More than 1,300 public employees in Kentucky claimed four hours of paid leave to vote in two recent elections but were not entitled to the benefit, costing taxpayers more than $102,000, state Auditor Mike Harmon said Tuesday.
In a news release, Harmon said his office examined the use of voting leave for public employees during the 2016 primary election and the 2015 general election. As many as 1,329 public employees who claimed four hours of paid election leave in those two elections weren’t entitled to it, Harmon said.
Of that total, 1,176 took paid election leave, but records indicate that they didn’t vote in one or both elections examined, he said. The remaining workers took paid leave for other election duties, such as precinct worker training, that they didn’t complete, Harmon found.
“Our report and the resulting findings regarding use of election leave should be troubling not only to taxpayers, but to those who have fought for the right to allow all of us the freedom to choose our leaders,” he said.
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The report will be forwarded to the Executive Branch Ethics Commission and the state Personnel Cabinet for further investigation and possible disciplinary action.
Another finding in Harmon’s report found multiple discrepancies in Kentucky’s Voter Registration System.
The problems identified included one state employee who appeared in the county election precinct book twice in the same election but didn’t receive credit for casting a ballot.
The report also found that Social Security numbers in the registration system aren’t being validated or used consistently.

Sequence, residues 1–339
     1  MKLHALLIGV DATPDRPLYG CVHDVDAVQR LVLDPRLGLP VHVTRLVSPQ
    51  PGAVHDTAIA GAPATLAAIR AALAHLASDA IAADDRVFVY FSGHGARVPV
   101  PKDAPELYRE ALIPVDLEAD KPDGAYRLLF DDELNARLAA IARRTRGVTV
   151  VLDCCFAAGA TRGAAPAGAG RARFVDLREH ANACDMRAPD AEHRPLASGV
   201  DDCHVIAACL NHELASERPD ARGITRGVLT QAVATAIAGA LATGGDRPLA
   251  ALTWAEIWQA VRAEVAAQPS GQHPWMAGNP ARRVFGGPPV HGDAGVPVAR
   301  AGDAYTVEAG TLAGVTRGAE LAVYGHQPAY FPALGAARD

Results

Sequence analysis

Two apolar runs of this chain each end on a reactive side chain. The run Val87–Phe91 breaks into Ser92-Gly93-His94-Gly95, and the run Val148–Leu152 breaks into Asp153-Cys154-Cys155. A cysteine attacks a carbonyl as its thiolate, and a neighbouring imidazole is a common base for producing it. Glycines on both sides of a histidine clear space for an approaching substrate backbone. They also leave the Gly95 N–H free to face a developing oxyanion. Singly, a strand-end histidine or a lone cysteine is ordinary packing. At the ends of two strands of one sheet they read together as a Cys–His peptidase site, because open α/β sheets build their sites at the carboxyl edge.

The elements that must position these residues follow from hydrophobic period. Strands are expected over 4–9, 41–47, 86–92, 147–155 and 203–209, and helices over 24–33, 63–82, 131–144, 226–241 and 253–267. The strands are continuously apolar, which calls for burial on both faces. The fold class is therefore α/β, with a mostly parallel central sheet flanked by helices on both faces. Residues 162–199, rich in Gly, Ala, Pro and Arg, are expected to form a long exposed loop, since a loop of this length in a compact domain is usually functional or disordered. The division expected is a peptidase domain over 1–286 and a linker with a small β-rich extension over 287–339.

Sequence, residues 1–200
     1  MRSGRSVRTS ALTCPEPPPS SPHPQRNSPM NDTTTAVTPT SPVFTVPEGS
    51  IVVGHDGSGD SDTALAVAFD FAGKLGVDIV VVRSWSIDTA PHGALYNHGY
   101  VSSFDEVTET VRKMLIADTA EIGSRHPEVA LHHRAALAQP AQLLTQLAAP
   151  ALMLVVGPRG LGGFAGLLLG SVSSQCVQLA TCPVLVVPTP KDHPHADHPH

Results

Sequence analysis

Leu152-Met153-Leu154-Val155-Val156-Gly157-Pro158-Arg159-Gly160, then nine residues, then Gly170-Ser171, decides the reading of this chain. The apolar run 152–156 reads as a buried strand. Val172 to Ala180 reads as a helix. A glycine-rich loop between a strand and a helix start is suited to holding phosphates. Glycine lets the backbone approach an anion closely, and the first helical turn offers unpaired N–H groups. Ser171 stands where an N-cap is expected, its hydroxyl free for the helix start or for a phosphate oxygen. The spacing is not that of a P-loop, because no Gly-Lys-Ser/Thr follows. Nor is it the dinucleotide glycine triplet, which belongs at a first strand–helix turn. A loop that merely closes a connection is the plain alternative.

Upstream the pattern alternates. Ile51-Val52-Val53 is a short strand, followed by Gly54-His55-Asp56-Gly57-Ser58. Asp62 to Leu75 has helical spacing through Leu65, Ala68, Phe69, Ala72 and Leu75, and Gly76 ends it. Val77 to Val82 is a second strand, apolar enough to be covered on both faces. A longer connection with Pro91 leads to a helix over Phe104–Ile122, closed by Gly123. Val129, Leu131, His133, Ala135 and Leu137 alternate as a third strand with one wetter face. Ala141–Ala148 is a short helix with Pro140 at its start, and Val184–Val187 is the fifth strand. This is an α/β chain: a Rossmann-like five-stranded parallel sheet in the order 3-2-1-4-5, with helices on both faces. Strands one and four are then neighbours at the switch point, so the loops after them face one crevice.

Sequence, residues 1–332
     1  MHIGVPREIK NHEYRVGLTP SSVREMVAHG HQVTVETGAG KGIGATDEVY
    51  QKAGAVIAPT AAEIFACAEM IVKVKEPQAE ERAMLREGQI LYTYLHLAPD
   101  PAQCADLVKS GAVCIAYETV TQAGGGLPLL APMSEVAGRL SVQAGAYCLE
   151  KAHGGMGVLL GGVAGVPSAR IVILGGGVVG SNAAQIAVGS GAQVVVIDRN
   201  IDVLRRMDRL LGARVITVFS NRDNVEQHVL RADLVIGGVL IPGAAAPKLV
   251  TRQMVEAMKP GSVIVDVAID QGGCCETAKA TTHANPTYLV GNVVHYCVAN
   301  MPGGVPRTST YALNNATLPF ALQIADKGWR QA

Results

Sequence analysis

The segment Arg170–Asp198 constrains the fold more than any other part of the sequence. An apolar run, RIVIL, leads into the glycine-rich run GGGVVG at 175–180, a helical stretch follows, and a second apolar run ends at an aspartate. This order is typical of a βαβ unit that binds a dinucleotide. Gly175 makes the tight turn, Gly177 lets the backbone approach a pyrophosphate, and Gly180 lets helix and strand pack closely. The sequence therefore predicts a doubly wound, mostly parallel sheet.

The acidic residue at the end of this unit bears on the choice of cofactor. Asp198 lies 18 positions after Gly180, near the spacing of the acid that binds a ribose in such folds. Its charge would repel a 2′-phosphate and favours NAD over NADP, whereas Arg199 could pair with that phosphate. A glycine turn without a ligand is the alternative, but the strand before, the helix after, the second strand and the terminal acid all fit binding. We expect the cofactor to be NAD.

Auditors also found two public employees who were registered to vote in two counties, one in Harlan and Fayette and the other in Morgan and Fayette, during the 2015 general election.
“It is essential to keep our election registration system in Kentucky accurate and avoid any issues which could give the appearance of improprieties with voting records,” Harmon said.
He encouraged the State Board of Elections, Secretary of State Alison Lundergan Grimes and others who oversee election rolls “to review this finding carefully, and to take the actions necessary to eliminate errors our auditors uncovered.”
The auditor’s report included a Nov. 30 response to the audit from Mary Sue Helm, interim executive director of the state elections board.
Helm said the board appreciates Harmon’s recommendations and is reviewing them for possible action.
Helm said Grimes, the state’s top election official, has previously raised some of the audit’s recommendations.
Helm also said that until last year, Kentucky’s voter registration data were entirely based on paper registration, which caused some inaccuracies as county clerks had to decipher handwriting and make no errors when putting information into the system.
“Online voter registration reduces these errors and is already leading to more accurate Kentucky records,” Helm said.
This is the third time the state auditor’s office has conducted an election leave report, and the first since 2007.
The complete report is available at Auditor.ky.gov.